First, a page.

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Transgender Teen Vows To Continue Documenting Her Transition Despite Onslaught Of Daily Death Threats

Transgender Teen Vows To Continue Documenting Her Transition Despite Onslaught Of Daily Death Threats
Hannah Phillips YouTuber (Collect/ PA Real Life)

A transgender YouTuber has bravely vowed to keep helping other people who are considering transitioning by posting videos documenting her own experience – despite receiving daily death threats from transphobic internet trolls.

Deciding to transition when she was just 15, Hannah Phillips, now 19, has been creating videos for the website since 2012 – making half the content about her everyday life and half about her male to female trans journey – proudly becoming the first transgender YouTuber to create a video every day in 2017.

Stressing the importance of encouraging openness about trans issues, freelance photographer and video editor Hannah – who lives with her parents and older brother in Hampshire's New Forest – said: “I create a mix of content, 50 percent is about my transition and 50 percent is about my everyday life."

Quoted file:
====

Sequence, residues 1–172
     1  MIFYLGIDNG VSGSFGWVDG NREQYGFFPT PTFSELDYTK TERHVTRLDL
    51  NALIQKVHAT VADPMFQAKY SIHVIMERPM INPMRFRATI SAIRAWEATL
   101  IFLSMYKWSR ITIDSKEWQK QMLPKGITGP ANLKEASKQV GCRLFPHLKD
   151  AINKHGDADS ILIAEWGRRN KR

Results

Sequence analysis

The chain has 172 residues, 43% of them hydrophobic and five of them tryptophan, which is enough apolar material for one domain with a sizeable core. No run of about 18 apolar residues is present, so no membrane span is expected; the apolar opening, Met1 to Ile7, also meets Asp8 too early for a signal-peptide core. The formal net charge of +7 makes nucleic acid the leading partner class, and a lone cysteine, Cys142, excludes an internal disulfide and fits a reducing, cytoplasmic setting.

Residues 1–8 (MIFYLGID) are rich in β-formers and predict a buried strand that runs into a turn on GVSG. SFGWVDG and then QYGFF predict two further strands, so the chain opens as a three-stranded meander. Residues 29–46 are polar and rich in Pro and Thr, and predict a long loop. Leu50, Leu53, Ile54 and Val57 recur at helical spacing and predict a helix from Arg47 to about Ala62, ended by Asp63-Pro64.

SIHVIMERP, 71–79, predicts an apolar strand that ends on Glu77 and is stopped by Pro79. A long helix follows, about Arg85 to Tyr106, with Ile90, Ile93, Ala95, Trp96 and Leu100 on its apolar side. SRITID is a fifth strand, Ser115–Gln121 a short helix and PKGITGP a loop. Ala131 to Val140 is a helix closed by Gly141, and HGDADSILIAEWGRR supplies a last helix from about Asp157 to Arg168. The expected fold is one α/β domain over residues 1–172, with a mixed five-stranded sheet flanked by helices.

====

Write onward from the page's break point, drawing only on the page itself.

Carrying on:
She added: “My transition videos are made to be family-friendly, so they will help the person going through the transition as well as their loved ones.

“I don't want teenagers to sit in their bedrooms and watch my videos in secret. They should sit in their living room and watch them without being worried about other people seeing them.

“I want people to feel comfortable showing my videos to their parents – so it helps explain what they're going through better."

Hannah Phillips (Collect/ PA Real Life)

But, while Hannah's efforts have attracted plaudits from people with gender issues and those around them, they have also led to her being bombarded with insults from ignorant trolls, who even make daily death threats.